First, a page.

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Travel firms are looking to automate some back-end processes to help cope with a return to ordinary volumes of business.

Automation isn’t a new trend. But the pandemic may speed it up. Some companies are deploying more automation to limit the interaction between staff and passengers, while others are automating processes to cope with reduced staffing during the recovery.

Consumers may also have become more accepting of some types of automation because they had limited mobility and restricted access to services while under stay-at-home orders during the pandemic.

“Some consumers may get used to ordering meals online or through an app and opting for ‘click and collect’ or delivery for other shopping needs,” noted Iis Tussyadiah, professor of intelligent systems in service and head of the department of hospitality in the School of Hospitality and Tourism Management at the University of Surrey in the UK.

“Consumers may grow warm to the idea of not interacting with a human being,” Tussyadiah said. “Recent research on hotel service robots, robotic bartenders, and autonomous vehicles has shown that people trust and are willing to use these technologies when they have a positive attitude towards intelligent autonomous machines in general.”

Beware of Excess

Automation for automation’s sake doesn’t always work, especially not in hospitality. Exhibit A is the Henn na Hotel, a property in Sasebo, Japan, operated by the travel agency H.I.S..

In 2015, the Henn na Hotel debuted robots at the front desk and replaced humans with machines for other guest-facing functions. But, in 2019, the company “fired” half of its 243 robots because guests found them frustrating and inadequate.

Other hotel companies have tested robots, such as Hilton’s Connie and Marriott’s Mario and Aloft’s Botlr, in a handful of locations. But the general consensus has remained that most face-to-face customer interactions are best left to humans.

Repetitive Tasks Made More Efficient

Here are a handful of examples of processes that some travel companies are experimenting with automating.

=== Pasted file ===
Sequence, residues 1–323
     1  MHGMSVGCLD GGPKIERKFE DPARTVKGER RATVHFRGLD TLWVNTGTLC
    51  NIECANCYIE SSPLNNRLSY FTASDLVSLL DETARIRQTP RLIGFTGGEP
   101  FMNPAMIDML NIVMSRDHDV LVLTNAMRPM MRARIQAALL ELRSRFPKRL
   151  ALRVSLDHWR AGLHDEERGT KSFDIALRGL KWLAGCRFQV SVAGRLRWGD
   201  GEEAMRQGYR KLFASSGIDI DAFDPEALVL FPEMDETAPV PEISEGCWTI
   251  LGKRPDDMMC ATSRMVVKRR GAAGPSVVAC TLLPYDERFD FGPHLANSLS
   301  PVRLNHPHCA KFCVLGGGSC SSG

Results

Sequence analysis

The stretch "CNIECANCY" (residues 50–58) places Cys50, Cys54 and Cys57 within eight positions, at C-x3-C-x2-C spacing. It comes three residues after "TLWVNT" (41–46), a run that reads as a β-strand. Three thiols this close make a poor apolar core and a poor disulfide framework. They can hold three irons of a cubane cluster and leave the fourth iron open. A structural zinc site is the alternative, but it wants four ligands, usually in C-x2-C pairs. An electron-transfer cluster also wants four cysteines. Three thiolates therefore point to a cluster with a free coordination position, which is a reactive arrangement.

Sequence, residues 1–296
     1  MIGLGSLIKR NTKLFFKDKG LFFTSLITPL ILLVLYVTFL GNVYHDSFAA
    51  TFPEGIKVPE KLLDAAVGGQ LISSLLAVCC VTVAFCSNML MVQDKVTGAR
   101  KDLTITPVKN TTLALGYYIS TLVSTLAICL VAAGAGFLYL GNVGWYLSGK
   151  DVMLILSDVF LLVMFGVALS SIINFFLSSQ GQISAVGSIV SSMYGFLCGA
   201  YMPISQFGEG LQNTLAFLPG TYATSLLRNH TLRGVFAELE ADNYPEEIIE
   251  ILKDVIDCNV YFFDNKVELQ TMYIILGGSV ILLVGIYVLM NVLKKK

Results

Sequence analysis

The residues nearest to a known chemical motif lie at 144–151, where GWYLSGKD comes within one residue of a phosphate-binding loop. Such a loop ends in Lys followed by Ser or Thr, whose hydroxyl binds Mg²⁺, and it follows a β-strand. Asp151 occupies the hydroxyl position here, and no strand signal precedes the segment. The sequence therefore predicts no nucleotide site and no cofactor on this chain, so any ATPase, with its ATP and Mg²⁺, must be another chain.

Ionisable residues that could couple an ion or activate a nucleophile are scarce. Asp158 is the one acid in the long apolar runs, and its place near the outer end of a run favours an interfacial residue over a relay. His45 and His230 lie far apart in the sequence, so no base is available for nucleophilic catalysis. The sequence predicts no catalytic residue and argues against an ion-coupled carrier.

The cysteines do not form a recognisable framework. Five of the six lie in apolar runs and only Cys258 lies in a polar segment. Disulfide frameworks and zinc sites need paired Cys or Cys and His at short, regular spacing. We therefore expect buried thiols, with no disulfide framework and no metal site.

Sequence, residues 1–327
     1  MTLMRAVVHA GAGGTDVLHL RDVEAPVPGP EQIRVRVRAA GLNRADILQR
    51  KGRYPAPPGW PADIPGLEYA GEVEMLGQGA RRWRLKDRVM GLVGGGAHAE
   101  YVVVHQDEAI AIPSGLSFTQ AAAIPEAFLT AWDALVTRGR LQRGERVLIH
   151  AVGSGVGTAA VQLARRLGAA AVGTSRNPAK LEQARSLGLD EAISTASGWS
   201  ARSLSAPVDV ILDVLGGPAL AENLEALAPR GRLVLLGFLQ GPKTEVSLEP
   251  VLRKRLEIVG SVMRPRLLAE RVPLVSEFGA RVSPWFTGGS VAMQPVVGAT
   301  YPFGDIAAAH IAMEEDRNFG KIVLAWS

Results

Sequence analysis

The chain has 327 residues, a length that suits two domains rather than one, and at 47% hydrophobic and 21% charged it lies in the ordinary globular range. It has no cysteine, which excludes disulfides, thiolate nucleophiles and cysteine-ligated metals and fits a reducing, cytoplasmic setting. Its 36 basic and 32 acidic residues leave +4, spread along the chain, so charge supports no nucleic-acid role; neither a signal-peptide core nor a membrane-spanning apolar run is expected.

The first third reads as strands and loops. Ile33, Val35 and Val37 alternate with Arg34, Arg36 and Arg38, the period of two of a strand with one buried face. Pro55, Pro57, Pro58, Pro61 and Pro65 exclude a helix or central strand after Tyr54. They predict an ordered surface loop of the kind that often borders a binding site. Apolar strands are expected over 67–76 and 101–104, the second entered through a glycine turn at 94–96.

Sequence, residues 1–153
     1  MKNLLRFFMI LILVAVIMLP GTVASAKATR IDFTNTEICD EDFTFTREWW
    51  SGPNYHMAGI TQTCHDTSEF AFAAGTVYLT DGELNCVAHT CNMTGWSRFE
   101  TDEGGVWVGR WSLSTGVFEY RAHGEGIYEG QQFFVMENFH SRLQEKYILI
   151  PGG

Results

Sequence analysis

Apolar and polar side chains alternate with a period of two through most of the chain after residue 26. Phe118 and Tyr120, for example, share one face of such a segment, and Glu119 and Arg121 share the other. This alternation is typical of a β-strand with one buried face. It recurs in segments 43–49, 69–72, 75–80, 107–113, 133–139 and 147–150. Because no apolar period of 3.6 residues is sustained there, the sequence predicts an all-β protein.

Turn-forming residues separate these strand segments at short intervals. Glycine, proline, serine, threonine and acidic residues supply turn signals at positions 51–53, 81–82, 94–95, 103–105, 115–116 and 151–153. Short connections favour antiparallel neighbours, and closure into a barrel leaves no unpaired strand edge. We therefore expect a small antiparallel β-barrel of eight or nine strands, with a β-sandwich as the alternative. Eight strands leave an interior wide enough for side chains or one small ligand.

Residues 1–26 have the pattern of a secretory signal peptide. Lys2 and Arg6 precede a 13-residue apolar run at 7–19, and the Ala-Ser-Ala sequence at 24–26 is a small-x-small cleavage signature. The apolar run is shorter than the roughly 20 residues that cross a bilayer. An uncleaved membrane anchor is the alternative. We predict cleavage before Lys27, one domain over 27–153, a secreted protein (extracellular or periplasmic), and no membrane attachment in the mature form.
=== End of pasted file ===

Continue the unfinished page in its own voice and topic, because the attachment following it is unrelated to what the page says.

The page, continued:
Many processes that back-office workers do at hotels, airlines, or airports have repetitive digital aspects. So-called robotic process automation can automate these tasks. Based on artificial intelligence, this technology can learn repetitive and standardized workflows and take them over from human workers.

A startup called Mission Critical uses computer vision and optical character recognition to extract and process data from scanned documents, for example. Many repetitive reports on rates or performance can be created faster with such tech.

Tracking technologies are another category with growth potential. Consider the challenge an airport or hotel has in ensuring that its hand sanitizers stay continuously refilled. Today, workers must manually inspect, but they may be overworked and fail to spot empty dispensers.

A company called Creating Revolutions can install a chip that uses Near Field Communication (NFC) technology without needing a battery. A roving employee, like a security guard, could tap their mobile device to the dispenser and note if the dispenser needs a refill, alerting software to dispatch another person to refill it if necessary. The example illustrates a process that travel companies could apply to several workflows during the pandemic.

Autonomous mobility scooters at airports are one example. In late 2019, Japan’s Haneda International Airport began installing electric-powered mobility scooters. After a passenger uses them to get around an airport terminal, the scooter can self-drive back to a different place to pick up a different person. Today, the autonomous scooters from Whill and other vendors can also help support social distancing.

Automated vacuums, similar to the Roomba, are another innovation. One example is the Whiz, built by SoftBank Robotics Group Corp., which debuted in the U.S. late last year. A janitor performs the first floor cleaning at hotels or airports. The Whiz records the route and then repeats it afterward autonomously, using collision detectors to avoid obstacles.

Photo Credit: Japan's Henn na Hotel, owned by parent company H.I.S., has for several years trialed robots at the front desk. H.I.S.